The train, in my opinion, is a highly underrated experience.
Though I haven’t taken the train as often as I’d like to — because we live in a world that demands quickness and flying is usually faster — I really enjoy it.
My first time taking the train alone was my freshman year at Winston-Salem State University. I took the train a handful of times home to Charlotte, and each time, I wished the ride was just a little longer. It was spacious, clean and a really scenic ride.
Fast forward more than a decade later, and I still feel that way. Taking the train feels luxurious to me, even in coach. And there’s something about it that feels nostalgic and a little relaxing.
More people should take the train, especially if you’re in the Charlotte area. Here’s why:
It’s (usually) cheaper than flying.
Depending on the destination, the train is typically much more affordable than flying. NC By Train, the state’s Amtrak service, lists one-way train tickets from Charlotte to Raleigh for as low as $27. A one-way flight to Raleigh could range anywhere from $79 to nearly $300.
Considering further destinations, a family of four could flight to Orlando in August for $430. Flights on the same date could cost as much $1000.
It’s less hassle than flying.
Flying, though fast, can have its disadvantages. There’s long lines, security checkpoints, navigating sometimes confusing airports, and other stressors that can be involved.
Traveling by train reduces a lot of that hassle. There’s no TSA — no removing your shoes, no liquid allowances, no “all jackets off” sentiments happening before train travel.
Taking the train is pretty straightforward: purchase your ticket, grab your bags, get on. Of course, there are certain items that travelers are prohibited from bringing into the train cabin, but unlike flying, a full-sized bottle of perfume is not one of them.
You can also bring what you need, within reason, on to the train. For example, if you plan on a mountain getaway and want to bring you bike to ride the trails, you can bring a bike as a carry-on onto the train.
Space to work
Nearly all trains these days are set up for working; they typically offer free Wi-Fi, outlets or nearby places to plug-in, and trays for you to place a laptop or other device to use while you travel.
I took a five-hour train ride home from a conference a few years ago and got some work done. A few of my colleagues drove or flew home. The ones who drove couldn’t do anything and those who flew weren’t in the air long enough to get settled into working. Because I had five hours of time and working Wi-Fi, I got lots done.
Coach versus economy
Trains, like planes, have classes of seating. There’s coach, business class, first class and even private suites on some trains.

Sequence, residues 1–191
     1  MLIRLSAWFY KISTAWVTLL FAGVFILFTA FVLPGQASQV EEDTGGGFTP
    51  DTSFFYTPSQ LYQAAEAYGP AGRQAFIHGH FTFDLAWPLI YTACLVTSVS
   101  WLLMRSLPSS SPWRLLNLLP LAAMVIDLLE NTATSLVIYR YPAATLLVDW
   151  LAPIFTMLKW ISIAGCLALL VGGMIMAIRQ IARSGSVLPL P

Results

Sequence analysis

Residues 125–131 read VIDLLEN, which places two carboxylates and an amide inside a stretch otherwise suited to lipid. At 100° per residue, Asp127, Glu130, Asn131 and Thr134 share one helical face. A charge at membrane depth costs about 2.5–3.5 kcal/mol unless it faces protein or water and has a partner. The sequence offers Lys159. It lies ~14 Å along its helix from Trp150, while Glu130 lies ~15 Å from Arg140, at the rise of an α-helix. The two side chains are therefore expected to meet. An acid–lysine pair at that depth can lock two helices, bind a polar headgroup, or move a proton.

Though coach is most comparable to economy on a flight, coach, in my opinion, coach is a much better than experience than economy. Airplanes seem to be getting more and more uncomfortable with time, especially in economy class, and the coach car of a train typically feels more spacious. The seating is often larger and guests can usually sit where ever they’d like — or move seats — during travel.
While many airlines are beginning to charge a small fee to choose your seat, most trains allow you to sit where ever you’d like within the car, at no charge.
All points from Charlotte
Charlotte is in a prime location with easy access to so many vacation destinations. The mountains, the beach, other fun cities like Atlanta, Richmond, and Nashville, among others.
The train has options to visit hundreds of destinations, many of which are a short ride or halfway journey to.
It’s better for the environment
As climate change continues to be a growing concern, travelers should consider ways to decrease the effects of travel on the planet’s climate. One way of being a more conscious traveler is by reducing plane and individual car travel, option for train or bus travel as better alternatives.
United Nations’ Act Now, an initiative to share ways to reduce environmental harm, mentions train travel as a way to reduce one’s carbon footprint in comparison to driving or flying.
According to the International Council on Clean Transportation, road passenger vehicles — cars, motorcycles, taxis, buses — account for 41% of global CO2 emissions, flying accounts for 11% and rail transportation accounts for just 1%.
Views and scenery
One major advantage of taking the train is the scenery.
When I took the train home from WSSU in the fall, it was the first time I really took notice how colorful and picturesque the state can be. For about an hour of the ride, I looked out the window and took in the trees and the multicolored leaves.
Unlike flying, the train’s views are on the ground and provide the traveler a new show of landscape every few miles.